Google Fiber coming to Provo's 'Silicon Slopes'

The mayor of Provo, Utah, reveals that Google Fiber will be coming to his city.

Seth Rosenblatt Former Senior Writer / News
Senior writer Seth Rosenblatt covered Google and security for CNET News, with occasional forays into tech and pop culture. Formerly a CNET Reviews senior editor for software, he has written about nearly every category of software and app available.
Seth Rosenblatt
2 min read

Google Fiber's blazingly fast gigabit Internet speeds will come to Provo, Utah, later this year, Google and the city announced today.

Although Provo is already wired for fiber, Google Fiber general manager Kevin Lo said at the press conference revealing the partnership that the company will need to upgrade the current fiber network, which has seen several owners since it was built in 2004.

Google Fiber will bring "free basic broadband service for every Provo resident for at least seven years, and free gigabit connectivity for hospitals and schools," he said.

Utah Gov. Gary Herbert was enthusiastic for the Google take-over of iProvo. "Provo will be one of the first cities in the world that access to basic broadband will flow like water or electricity. It will be everywhere, and I think that's pretty cool," he said.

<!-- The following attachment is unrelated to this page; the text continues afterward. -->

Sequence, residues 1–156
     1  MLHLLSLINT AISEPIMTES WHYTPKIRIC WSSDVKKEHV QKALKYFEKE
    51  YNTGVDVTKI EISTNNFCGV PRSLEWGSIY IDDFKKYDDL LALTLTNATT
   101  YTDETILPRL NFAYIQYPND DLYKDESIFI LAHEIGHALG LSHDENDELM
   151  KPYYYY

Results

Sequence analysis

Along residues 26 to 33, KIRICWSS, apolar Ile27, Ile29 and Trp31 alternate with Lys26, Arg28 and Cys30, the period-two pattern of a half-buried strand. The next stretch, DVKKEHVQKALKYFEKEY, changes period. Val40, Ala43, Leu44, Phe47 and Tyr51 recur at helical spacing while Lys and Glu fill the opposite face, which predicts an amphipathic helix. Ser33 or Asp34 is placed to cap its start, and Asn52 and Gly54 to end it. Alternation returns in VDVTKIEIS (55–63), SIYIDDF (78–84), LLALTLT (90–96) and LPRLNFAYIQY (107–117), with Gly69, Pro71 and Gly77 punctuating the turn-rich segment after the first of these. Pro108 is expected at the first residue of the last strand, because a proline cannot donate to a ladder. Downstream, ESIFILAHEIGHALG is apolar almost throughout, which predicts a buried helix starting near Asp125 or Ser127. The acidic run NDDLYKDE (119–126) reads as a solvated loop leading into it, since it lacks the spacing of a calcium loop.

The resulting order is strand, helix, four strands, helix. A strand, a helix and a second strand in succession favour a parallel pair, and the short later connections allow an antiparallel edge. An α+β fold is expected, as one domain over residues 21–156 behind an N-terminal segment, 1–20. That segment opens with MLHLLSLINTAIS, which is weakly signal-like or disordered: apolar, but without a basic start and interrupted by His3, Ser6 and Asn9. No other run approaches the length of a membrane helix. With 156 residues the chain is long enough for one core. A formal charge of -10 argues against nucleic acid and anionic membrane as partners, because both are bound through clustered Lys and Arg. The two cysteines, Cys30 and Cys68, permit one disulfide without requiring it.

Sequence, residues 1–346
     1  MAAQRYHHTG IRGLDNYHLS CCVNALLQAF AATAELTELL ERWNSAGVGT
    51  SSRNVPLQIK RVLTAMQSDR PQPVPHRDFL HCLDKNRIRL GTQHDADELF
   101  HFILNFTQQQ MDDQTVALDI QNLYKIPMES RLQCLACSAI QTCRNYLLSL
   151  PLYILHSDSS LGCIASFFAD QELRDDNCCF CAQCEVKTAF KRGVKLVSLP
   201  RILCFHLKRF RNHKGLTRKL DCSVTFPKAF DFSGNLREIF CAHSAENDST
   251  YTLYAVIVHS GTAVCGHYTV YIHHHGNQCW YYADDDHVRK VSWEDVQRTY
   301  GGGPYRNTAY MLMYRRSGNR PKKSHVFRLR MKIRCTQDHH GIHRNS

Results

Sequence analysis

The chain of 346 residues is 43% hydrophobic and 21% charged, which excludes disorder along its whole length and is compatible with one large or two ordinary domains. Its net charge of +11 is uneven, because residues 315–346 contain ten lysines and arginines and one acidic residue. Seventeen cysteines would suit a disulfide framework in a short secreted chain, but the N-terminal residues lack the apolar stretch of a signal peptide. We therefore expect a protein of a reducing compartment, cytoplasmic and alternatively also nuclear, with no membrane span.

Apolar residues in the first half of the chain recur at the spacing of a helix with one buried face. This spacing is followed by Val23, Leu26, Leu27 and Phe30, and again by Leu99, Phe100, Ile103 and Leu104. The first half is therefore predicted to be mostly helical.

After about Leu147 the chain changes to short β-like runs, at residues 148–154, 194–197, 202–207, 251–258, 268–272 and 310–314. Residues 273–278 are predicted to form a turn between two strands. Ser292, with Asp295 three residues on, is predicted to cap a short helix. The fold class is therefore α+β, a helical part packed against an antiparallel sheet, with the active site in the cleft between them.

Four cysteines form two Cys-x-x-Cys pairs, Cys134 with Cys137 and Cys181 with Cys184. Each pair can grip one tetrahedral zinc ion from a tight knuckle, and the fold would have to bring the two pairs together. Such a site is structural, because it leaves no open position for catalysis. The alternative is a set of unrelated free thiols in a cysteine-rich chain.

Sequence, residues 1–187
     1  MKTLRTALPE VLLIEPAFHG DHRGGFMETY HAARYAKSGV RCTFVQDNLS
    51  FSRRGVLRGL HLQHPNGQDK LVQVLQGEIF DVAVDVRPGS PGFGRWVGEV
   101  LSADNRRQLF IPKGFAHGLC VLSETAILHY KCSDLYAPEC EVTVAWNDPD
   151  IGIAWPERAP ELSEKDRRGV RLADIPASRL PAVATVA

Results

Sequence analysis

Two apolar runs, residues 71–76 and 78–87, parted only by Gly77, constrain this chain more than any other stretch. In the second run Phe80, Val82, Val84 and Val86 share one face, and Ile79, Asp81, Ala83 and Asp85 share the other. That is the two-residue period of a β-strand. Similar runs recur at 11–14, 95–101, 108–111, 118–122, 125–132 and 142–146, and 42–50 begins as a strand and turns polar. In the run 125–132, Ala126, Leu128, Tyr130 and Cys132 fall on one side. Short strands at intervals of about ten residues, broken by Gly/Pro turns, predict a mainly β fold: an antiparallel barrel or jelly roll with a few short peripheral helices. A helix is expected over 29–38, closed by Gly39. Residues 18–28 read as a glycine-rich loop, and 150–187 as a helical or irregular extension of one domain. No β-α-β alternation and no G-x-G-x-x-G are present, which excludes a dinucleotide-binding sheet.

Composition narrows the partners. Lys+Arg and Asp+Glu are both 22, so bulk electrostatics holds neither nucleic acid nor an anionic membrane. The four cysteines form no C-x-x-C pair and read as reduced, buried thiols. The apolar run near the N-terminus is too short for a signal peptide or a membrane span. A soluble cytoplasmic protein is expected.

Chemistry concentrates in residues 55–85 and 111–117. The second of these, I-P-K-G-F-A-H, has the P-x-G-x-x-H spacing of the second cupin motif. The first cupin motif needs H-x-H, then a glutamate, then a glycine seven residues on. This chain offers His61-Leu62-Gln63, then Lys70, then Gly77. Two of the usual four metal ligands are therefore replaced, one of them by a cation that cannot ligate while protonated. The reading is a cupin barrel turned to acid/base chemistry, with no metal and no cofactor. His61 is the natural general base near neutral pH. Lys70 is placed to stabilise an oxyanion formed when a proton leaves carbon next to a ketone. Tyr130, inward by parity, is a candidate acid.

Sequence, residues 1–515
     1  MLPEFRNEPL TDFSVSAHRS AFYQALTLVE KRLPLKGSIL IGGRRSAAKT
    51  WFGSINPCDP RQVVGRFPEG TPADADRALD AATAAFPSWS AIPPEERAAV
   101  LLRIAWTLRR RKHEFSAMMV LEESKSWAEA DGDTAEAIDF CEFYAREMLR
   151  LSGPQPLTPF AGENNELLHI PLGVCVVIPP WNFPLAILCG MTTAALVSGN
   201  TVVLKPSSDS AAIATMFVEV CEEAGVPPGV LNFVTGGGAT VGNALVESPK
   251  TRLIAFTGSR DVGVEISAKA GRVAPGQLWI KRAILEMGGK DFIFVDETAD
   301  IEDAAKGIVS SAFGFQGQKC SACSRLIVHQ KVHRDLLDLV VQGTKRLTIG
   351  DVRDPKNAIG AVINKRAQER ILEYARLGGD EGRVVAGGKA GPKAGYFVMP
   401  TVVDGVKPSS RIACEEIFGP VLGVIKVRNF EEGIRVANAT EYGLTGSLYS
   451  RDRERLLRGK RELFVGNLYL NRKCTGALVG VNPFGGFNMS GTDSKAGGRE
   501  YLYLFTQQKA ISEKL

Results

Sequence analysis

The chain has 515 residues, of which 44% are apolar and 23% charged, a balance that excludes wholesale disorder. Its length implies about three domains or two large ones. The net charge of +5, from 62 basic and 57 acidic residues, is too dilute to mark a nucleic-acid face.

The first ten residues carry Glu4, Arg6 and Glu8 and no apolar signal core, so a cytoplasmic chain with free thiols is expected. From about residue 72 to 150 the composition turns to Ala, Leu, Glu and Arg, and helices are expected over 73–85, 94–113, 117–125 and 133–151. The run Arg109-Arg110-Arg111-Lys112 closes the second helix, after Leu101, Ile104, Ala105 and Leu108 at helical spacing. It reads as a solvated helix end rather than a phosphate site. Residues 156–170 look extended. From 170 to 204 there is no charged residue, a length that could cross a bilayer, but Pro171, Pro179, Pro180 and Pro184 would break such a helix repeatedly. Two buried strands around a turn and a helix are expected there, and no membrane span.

Located about 43 miles south of Salt Lake City, Provo built its fiber network iProvo nearly 10 years ago. iProvo then changed hands several times, first sold to the Utah-based Internet service provider Broadweave Networks for $40.6 million. Veracity Networks subsequently bought Broadweave and had been operating the fiber network until the city bought iProvo back last year.

"No doubt, this journey needs a partner like Google Fiber," said Provo Mayor John Curtis.

Assuming the Provo City Council approves the deal that Curtis orchestrated, Google is promising free 5 Mbps to every home on the existing iProvo network for a $30 activation fee and no monthly charge for seven years. Google Fiber's Gigabit Internet service, which the company says can be up to 100 times faster than current broadband speeds, and Google Fiber TV, will be available for an additional, undisclosed fee. Google plans to provide Gigabit Internet service for free to 25 local public institutions such as hospitals, libraries, and schools.

Provo's citizens were cool to adopt the previous fiber service, with peak usage hitting around 10,000 people in 2008. Google wants to have the entire city of around 112,000 people connected, and Lo said that Google expects to start getting residents online with its service later this year.

Provo is the third U.S. city to get Google Fiber, following announcements for Austin, Texas, and Kansas City, Kan., and Kansas City, Mo.